Communication with your X
One of the biggest predictors for how your children will survive your divorce, or separation if you were never married, is how you get along with your "X." One of the worst things you can do for your children is to be in conflict with their other parent. The following comment from Dr. Ken Waldron may help you understand how your emotions and/or the response of your brain to emotional issues affects your ability to shield your children from conflict with your "X." Not only will your children benefit from your taking the high road (i.e. your being the mature one when it comes to conflict), your case in court will also benefit from your doing your best to give a message to your children that they are loved by both of their parents.
Understanding your emotional response to your "X"
By Dr. Ken Waldron
I always look to see if the parties are "able" to commnicate effectively in other parts of their lives. If they are, then it is not a problem of inability. Often, the parties have the same problems elsewhere, but more often they do not. The real issue for most is not ability, it is the location in the brain of the ability and the location of the brain they are using when they interface. I am going to put this on the list serve because it might be helpful to others. Effective communication requires reflection (e.g. stepping outside of oneself and examining one's own behavior), working with concepts that involve time (e.g. thinking through the impact of a current behavior or decision on future events), empathy (e.g. looking at a situation through the eyes of the child), and second order concepts (e.g. examining a current decision in the light of an established pattern or standard). All of these activities require the interface of the lower brain centers with several cortical areas of the more advanced brain. In the mid-brain, the part into which sensory input is channeled, there is a switching mechanism, so to speak. The sensory input receives emotional value, in a way, and the sensory input is combined with the emotional value and the midbrain (four different parts of it) somehow coordinate this and send it to the right brain locations. When we hear a lovely piece of music, or taste a particularly delicious food, have you ever wondered why there is a temptation to close the eyes? This is the midbrain working with other parts of the brain, including the occulatory center, to activate the brain to work efficiently.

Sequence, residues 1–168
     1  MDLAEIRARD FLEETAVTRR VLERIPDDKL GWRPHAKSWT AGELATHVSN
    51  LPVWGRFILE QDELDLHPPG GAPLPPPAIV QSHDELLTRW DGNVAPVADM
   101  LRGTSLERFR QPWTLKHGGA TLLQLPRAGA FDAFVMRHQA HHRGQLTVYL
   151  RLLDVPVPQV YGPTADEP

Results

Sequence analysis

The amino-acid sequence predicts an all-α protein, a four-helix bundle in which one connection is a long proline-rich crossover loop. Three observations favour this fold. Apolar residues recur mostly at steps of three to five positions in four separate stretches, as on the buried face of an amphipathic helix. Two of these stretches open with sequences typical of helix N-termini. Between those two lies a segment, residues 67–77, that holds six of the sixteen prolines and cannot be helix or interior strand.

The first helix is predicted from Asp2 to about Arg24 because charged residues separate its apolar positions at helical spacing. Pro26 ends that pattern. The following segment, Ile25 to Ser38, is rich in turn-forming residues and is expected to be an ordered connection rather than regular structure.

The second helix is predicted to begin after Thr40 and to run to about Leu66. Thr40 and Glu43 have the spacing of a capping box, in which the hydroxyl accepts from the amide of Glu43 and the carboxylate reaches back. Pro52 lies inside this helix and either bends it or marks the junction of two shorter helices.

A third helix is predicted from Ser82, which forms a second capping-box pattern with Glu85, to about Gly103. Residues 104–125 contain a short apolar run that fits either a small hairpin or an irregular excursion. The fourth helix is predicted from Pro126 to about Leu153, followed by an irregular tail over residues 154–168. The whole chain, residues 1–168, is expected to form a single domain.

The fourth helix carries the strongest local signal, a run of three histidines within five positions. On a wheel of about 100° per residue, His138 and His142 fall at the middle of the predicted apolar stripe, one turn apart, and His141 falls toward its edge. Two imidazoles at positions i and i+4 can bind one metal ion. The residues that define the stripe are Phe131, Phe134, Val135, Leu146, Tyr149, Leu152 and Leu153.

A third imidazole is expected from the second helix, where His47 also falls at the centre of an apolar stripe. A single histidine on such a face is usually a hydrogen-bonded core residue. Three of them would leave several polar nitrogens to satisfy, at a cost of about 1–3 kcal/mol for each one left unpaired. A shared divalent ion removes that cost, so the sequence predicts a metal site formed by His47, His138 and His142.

When people receive high levels of emotional input, a switch goes off in the midbrain, and all of the data, so to speak, is sent to more primitive parts of the brain. This is what happens when we have sex, for example. When the pleasable feelings hit a point of overload, the cortex is cut out by the midbrain, and all of the neurological activity is in lower centers. When divorced parents are interfacing, particularly because many of their experiences have been traumatic and triggers strong emotion, their emotions hit a peak and the midbrain switches them to the brain stem. the functions in the brain step include a few we are familiary with (e.g. that is where fight or flight decisions are made), and a few people are less familiar with (e.g. preening, which is why separated parents are often so irrationally picky with each other). However, there is no time concept there, no reflective ability, no empathy,and so on - i.e., there is no ability to communicate constructively.
The problem is how to provide them, therefore, with experiences that reduce the emotions so that the midbrain can switch them back into their higher brain centers. I remember when I divorced, 22 years ago. I remember being in my brain stem and doing things that really made sense at the time, brainstem sense that is. Later when I looked back, I could cringe, because it was so obvious what a harmful mistake it was. If you haven't had that experience, you probably have been angry enough to say or do things that later you could see were horrible mistakes. When you got your ability to reflect back, to have empathic concern, to think about the effect of what you said over time, etc., you saw what a mistake it was.
If the court process reinforces the emotional meaning of the parties to each other, i.e. makes them enemies (competitors for limited resources, like the amount of time with a child), their emotional meaning to one another becomes more intense, making it less likely that the midbrain will choose higher brain centers. There are tricks to getting people out of brain stem thinking and into cortex thinking, but more than that, we have to remember that a gladiator facing the lion is not going to be wondering about vacation in two months. The context into which we place people is important.